Individually, Zolgensma and Spinraza have each proven beneficial in treating SMA. Combining the two gene therapies, however, may be less effective in treating children living with type 1 SMA, compared to Spinraza alone, according to a recent study.
SMA is a genetic neurodegenerative disease caused by mutations in the survival motor neuron (SMN) genes. These mutations result in insufficient SMN protein, which is necessary for muscle function and movement. Without sufficient SMN protein, the muscles cannot effectively send signals for movement, and they begin to waste away.
SMA type 1, also known as Werdnig-Hoffmann disease, represents around 55 percent of all SMA cases. Symptoms of the disease are noticeable around birth or within the first few months of an infant’s life. Although there is no cure, early treatment in SMA type 1 has been shown to improve survival. Particularly, gene therapy has revolutionized treatment for the disease.
Zolgensma (onasemnogene abeparvovec) is a gene therapy approved for treating all types of SMA in children who are under two years old. It works by replacing the faulty copies of the SMN1 gene with functional ones, helping the body make more SMN protein.
Spinraza (nusinersen) is another medication approved for treating SMA. Approved for use in all ages and for all types of SMA, Spinraza acts on the SMN2 gene, resulting in more SMN protein.
While these therapies are effective on their own, the authors wanted to see if combining the two therapies would be beneficial in treating infants with SMA type 1. A previous study with five participants showed that the therapies, when combined, were generally well-tolerated. The overall effects, however, were not known.
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The study authors put together two groups of children with SMA type 1: the first group was treated with both Spinraza and Zolgensma, and the second with only Spinraza.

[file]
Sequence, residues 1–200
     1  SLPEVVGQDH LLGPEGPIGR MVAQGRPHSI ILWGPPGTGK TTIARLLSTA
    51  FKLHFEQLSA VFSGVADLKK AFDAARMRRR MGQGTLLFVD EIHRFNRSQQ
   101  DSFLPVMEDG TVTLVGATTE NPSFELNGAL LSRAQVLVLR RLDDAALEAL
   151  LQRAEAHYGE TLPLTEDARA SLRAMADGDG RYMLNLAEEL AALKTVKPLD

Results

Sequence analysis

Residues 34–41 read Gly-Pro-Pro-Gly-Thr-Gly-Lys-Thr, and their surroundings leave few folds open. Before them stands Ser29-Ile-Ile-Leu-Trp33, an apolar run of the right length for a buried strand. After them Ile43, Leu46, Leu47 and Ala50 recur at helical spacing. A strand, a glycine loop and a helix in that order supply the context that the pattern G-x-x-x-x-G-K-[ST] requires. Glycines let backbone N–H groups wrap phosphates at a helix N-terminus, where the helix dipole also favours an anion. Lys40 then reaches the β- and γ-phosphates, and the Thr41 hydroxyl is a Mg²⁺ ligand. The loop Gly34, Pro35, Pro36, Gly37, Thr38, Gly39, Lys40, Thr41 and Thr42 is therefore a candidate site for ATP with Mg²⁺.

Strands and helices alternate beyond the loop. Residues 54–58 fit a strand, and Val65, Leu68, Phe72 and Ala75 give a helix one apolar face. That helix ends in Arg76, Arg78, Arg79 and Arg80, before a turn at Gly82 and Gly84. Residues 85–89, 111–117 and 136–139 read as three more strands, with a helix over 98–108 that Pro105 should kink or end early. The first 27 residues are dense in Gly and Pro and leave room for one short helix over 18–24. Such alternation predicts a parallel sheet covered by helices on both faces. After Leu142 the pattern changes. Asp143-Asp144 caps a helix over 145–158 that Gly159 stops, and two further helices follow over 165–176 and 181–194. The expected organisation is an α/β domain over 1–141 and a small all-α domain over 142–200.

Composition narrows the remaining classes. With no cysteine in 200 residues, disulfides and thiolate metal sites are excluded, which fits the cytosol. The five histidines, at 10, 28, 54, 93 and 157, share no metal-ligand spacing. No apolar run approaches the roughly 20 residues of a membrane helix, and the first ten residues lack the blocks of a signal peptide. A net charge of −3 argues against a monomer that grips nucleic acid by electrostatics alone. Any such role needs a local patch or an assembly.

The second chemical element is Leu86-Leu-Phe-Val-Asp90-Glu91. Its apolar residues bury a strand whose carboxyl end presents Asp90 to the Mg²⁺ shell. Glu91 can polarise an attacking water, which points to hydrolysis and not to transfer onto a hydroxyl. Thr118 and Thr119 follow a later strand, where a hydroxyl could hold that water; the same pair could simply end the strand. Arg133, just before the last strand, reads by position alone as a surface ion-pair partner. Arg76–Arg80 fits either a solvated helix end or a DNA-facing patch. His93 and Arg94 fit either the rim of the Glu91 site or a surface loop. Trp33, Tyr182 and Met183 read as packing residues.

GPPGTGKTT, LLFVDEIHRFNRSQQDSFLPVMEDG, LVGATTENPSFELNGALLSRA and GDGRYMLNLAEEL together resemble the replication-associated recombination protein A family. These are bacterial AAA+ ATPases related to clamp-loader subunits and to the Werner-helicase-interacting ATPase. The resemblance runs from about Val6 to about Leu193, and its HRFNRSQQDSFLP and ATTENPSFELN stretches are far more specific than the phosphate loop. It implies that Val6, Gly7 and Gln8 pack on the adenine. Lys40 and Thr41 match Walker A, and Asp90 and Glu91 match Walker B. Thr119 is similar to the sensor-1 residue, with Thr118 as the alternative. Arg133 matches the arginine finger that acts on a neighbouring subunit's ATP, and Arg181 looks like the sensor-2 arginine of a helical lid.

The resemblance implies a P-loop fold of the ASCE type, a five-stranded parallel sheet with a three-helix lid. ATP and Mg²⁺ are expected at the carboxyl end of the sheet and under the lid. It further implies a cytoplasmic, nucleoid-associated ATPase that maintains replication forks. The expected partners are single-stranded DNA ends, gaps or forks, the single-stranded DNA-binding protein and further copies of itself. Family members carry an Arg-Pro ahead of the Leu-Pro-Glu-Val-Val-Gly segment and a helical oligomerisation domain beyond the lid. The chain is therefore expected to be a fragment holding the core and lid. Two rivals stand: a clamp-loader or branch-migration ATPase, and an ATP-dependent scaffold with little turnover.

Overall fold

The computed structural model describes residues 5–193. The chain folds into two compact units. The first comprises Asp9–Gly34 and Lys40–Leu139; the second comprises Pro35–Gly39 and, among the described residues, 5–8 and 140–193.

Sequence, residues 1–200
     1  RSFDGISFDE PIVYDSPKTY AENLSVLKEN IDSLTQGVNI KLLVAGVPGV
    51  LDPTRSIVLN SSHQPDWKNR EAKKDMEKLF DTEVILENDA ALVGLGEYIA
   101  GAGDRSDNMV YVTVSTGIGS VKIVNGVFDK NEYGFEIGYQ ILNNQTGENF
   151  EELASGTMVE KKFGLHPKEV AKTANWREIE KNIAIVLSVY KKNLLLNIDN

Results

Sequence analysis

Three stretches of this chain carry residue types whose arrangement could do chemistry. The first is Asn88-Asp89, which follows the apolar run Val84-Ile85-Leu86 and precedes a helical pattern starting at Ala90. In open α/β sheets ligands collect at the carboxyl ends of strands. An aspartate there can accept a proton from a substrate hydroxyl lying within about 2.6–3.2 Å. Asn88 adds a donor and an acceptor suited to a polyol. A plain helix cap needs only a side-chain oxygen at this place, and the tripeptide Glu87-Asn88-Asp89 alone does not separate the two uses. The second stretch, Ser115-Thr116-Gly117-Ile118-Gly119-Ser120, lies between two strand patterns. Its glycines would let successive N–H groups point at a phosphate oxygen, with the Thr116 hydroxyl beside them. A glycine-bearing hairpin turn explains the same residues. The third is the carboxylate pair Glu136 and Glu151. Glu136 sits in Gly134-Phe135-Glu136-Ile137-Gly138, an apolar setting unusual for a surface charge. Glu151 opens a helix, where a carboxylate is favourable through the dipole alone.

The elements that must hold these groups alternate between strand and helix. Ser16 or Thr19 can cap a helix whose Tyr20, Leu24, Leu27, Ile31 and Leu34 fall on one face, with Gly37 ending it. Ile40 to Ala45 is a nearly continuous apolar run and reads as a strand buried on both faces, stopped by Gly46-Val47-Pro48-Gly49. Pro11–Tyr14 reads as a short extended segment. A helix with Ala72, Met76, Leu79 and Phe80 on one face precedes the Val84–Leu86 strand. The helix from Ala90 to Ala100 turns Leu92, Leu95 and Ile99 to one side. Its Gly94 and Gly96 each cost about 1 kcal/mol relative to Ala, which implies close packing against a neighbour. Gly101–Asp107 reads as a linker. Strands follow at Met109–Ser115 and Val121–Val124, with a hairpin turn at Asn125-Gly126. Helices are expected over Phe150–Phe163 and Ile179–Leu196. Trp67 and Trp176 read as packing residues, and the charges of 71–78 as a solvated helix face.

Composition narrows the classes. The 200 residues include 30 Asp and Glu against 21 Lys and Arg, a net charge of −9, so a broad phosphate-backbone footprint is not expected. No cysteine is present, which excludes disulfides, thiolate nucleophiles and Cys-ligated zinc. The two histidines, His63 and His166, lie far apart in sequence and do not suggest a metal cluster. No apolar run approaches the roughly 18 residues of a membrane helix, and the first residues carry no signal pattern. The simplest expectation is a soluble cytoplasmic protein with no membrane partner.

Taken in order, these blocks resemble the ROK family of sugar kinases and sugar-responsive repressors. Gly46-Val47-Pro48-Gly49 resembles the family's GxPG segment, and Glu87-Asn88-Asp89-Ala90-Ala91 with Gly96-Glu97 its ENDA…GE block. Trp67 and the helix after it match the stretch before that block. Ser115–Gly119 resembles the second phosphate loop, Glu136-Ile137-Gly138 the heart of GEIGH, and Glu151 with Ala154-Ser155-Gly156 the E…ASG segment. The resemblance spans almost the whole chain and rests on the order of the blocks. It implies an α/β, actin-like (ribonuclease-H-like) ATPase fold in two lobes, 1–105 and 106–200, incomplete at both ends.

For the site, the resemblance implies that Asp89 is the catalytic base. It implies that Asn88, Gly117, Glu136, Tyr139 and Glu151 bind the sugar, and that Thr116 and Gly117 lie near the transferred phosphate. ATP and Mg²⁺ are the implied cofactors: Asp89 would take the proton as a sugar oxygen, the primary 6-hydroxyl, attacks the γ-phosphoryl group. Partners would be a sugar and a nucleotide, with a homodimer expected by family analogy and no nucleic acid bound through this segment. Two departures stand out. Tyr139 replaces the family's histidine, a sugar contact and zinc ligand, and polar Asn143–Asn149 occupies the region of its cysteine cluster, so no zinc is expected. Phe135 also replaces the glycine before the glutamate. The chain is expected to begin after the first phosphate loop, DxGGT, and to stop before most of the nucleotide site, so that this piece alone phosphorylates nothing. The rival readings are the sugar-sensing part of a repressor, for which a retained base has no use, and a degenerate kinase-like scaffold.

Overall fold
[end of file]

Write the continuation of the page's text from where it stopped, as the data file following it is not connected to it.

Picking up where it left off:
Seven children were in the combination group. Six of the seven children began Spinraza treatment when they were 2 months to 6 months old, then later received Zolgensma. One child received their Zolgensma treatment first, then began Spinraza treatment 18 months later. The second group, consisting of six children, received only Spinraza treatment, which started when they were 2 months to 6 months old.
The researchers measured the children’s motor skills and function using the CHOP-INTEND scoring system. Children treated with both Zolgensma and Spinraza experienced only small improvements in their motor skills and function after adding the second therapy when compared with results after receiving the first. Similar results were seen for ventilation and cough assistance.
Both the combination and Spinraza-only treatment groups saw improvement of motor function over time — especially within six months of beginning treatment. These improvements then tapered off between six to 12 months after treatment.
The authors found that the earlier treatment began, the better it worked. Ideally, treatment should begin before symptoms show, or before motor neuron loss occurs.
Overall, the authors concluded that adding Zolgensma in addition to Spinraza treatment “does not seem to provide supplementary benefits for motor function or respiratory status, but early treatment results in better outcomes.” Future studies with more participants will be needed to confirm these findings.